Under Washington law, the police must have reasonable suspicion to justify a traffic stop. If you are stopped without a valid reason, and subsequently charged with a crime due to evidence produced during the stop, you have grounds to suppress the evidence at trial.
If the evidence is nonetheless admitted and you are subsequently convicted, you may be able to have the conviction overturned, as illustrated in State v. Brown, a case recently ruled on by the Court of Appeals of Washington. If you are charged with a DUI, it is in your best interest to consult an experienced Washington criminal defense attorney as soon as possible to formulate a plan for your defense.
Facts Regarding the Traffic Stop
It is alleged that a police officer observed the defendant turning left, and saw the tires of his vehicle briefly crossing the divider line. He continued to follow the defendant and observed the defendant turning on his left-hand indicator as he entered the lane, then shut off his indicator before turning. No other traffic was present at the time of the turn. The officer then stopped the defendant for suspicion of driving under the influence of alcohol. The defendant was subsequently charged with a DUI. During the trial the defendant filed a motion to suppress any evidence produced during the stop, arguing the stop was not justified. The court denied the motion and the defendant was convicted of DUI. He then appealed.
Reasonable Suspicion Under Washington Law
The Washington law requiring the use of turn signals, RCW 46.61.305, is titled “When signals required – Improper use prohibited.” The first provision of RCW 46.61.305 states that a person cannot turn on a roadway unless a turn can be made safely and the driver gives an appropriate signal in the manner provided in the second provision. The second provision states that a turn signal shall be given continuously for 100 feet before turning, when it was required. In interpreting the purpose of RCW 46.61.305, the court found that it was drafted to protect public safety. Consistent with that interpretation, the court held that the phrase “when required” meant that the use of a turn signal was only needed when it was necessary to protect public safety.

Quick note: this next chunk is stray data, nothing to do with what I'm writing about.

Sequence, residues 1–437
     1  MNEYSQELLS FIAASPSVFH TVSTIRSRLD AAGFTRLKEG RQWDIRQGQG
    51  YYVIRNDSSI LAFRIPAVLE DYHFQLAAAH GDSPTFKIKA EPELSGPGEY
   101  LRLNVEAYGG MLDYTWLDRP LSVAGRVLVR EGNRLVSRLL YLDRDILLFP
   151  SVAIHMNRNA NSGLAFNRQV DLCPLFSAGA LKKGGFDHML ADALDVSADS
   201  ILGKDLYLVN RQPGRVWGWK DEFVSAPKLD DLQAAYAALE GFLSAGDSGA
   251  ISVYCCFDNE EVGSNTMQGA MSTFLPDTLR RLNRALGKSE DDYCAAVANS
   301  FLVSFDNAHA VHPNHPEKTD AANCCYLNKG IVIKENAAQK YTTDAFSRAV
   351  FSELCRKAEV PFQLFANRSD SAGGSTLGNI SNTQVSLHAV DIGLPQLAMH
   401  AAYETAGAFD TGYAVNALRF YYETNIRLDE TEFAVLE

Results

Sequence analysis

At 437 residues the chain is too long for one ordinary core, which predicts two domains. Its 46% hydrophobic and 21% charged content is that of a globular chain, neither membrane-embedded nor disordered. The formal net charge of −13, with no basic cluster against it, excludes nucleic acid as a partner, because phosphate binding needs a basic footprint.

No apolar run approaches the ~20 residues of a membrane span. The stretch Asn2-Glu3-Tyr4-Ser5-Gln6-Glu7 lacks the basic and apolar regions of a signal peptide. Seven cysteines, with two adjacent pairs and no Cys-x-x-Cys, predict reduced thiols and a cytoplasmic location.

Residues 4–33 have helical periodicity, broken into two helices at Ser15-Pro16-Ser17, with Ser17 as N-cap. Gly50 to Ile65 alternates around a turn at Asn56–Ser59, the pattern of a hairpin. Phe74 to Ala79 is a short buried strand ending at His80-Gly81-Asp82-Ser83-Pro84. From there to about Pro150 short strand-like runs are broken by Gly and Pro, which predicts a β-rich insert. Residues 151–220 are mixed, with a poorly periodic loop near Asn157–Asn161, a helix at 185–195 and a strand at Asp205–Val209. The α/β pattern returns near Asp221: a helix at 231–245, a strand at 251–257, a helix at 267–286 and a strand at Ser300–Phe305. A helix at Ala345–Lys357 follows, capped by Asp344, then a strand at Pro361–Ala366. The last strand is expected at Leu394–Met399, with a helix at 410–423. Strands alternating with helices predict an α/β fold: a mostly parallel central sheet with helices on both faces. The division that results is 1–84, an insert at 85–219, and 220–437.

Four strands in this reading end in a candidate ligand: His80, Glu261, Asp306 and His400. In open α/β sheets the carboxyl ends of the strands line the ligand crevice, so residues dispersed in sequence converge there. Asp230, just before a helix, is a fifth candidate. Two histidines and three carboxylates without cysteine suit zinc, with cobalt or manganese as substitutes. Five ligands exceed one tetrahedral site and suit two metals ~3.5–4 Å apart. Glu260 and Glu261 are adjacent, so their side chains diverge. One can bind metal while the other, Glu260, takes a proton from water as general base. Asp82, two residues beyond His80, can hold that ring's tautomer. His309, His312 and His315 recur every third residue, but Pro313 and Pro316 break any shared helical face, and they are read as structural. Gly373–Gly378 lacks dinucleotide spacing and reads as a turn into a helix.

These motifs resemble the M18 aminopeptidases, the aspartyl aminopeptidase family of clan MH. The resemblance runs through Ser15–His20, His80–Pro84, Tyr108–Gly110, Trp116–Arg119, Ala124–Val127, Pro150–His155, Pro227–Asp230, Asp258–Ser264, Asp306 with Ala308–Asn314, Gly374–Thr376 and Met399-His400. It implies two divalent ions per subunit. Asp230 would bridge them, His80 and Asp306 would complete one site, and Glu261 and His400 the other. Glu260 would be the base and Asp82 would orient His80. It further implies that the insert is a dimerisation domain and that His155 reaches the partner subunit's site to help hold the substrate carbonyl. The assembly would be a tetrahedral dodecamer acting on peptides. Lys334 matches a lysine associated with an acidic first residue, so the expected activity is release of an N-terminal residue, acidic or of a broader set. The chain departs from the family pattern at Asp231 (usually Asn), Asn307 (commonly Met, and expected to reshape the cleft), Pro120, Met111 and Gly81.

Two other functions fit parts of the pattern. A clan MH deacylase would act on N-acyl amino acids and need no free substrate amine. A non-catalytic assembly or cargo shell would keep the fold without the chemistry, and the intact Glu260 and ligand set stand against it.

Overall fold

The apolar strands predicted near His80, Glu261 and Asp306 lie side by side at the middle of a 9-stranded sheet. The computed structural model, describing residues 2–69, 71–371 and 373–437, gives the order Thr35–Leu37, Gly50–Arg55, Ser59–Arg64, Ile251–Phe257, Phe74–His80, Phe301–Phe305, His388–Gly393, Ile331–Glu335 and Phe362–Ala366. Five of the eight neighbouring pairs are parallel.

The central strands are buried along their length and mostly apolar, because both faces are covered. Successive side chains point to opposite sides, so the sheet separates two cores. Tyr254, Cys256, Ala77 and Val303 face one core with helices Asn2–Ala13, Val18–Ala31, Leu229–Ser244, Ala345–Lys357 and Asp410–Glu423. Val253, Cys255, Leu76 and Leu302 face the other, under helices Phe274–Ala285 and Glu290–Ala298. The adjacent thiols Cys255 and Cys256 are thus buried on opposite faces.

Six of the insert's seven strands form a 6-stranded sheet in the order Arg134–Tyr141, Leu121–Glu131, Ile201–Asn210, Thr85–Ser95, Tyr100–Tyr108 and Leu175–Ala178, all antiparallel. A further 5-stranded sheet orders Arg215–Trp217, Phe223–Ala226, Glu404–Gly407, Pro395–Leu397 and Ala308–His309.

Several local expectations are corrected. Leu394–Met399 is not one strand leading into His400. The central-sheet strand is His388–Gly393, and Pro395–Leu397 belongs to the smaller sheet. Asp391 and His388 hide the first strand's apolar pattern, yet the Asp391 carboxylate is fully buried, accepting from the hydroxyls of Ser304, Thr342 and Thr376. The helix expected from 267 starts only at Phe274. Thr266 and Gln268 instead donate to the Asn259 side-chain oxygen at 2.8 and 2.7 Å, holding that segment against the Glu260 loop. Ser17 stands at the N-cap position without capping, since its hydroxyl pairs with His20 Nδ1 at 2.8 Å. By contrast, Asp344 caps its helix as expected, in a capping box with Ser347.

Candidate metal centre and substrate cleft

The court rejected the state’s argument that even if the defendant did not violate the law, the arresting officer reasonably believed he did, and therefore the stop was justified. The court noted that while other jurisdictions permitted a reasonable mistake of law to create reasonable suspicion, there was no case law or statute in Washington that permitted a stop based on a mistake of law. Based on the foregoing, the court reversed the trial court ruling.
Meet with a Seasoned Washington DUI Defense Attorney to Discuss Your Case
If you live in Washington and are facing DUI charges, you should meet with a seasoned Washington DUI defense attorney to discuss your case and available defenses. The experienced criminal defense attorneys of The Law Offices of Smith and White will vigorously advocate on your behalf to help you preserve your rights. We can be reached at 253-203-1645 or through our online form to schedule a meeting.
More Blog Posts:
A Washington City’s Adoption of a DUI Law Doesn’t Affect District Court Jurisdiction, December 19, 2018, The Law Offices of Smith & White Blog